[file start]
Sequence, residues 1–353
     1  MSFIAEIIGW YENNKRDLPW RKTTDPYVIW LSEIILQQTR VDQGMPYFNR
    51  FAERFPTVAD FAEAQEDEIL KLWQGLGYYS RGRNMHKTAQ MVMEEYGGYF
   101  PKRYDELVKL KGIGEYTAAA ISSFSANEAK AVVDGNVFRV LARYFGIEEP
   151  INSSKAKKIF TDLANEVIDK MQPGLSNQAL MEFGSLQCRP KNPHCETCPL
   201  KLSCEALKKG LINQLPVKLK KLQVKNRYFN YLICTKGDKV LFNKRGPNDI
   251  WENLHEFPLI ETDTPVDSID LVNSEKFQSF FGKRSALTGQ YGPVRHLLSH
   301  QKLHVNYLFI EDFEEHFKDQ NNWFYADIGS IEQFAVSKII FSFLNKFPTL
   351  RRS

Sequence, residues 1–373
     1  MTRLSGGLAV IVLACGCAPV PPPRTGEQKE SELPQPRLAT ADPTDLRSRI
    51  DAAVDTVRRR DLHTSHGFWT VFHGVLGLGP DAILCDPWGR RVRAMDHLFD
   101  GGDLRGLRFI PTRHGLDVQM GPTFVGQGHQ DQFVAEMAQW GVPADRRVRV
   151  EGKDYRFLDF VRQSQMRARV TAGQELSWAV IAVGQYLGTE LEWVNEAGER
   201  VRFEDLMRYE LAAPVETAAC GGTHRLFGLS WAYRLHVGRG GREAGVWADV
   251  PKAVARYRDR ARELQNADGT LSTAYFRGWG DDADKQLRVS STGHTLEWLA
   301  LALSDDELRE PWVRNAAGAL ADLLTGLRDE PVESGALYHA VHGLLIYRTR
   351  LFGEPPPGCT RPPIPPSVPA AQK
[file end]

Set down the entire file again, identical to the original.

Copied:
Sequence, residues 1–353
     1  MSFIAEIIGW YENNKRDLPW RKTTDPYVIW LSEIILQQTR VDQGMPYFNR
    51  FAERFPTVAD FAEAQEDEIL KLWQGLGYYS RGRNMHKTAQ MVMEEYGGYF
   101  PKRYDELVKL KGIGEYTAAA ISSFSANEAK AVVDGNVFRV LARYFGIEEP
   151  INSSKAKKIF TDLANEVIDK MQPGLSNQAL MEFGSLQCRP KNPHCETCPL
   201  KLSCEALKKG LINQLPVKLK KLQVKNRYFN YLICTKGDKV LFNKRGPNDI
   251  WENLHEFPLI ETDTPVDSID LVNSEKFQSF FGKRSALTGQ YGPVRHLLSH
   301  QKLHVNYLFI EDFEEHFKDQ NNWFYADIGS IEQFAVSKII FSFLNKFPTL
   351  RRS

Sequence, residues 1–373
     1  MTRLSGGLAV IVLACGCAPV PPPRTGEQKE SELPQPRLAT ADPTDLRSRI
    51  DAAVDTVRRR DLHTSHGFWT VFHGVLGLGP DAILCDPWGR RVRAMDHLFD
   101  GGDLRGLRFI PTRHGLDVQM GPTFVGQGHQ DQFVAEMAQW GVPADRRVRV
   151  EGKDYRFLDF VRQSQMRARV TAGQELSWAV IAVGQYLGTE LEWVNEAGER
   201  VRFEDLMRYE LAAPVETAAC GGTHRLFGLS WAYRLHVGRG GREAGVWADV
   251  PKAVARYRDR ARELQNADGT LSTAYFRGWG DDADKQLRVS STGHTLEWLA
   301  LALSDDELRE PWVRNAAGAL ADLLTGLRDE PVESGALYHA VHGLLIYRTR
   351  LFGEPPPGCT RPPIPPSVPA AQK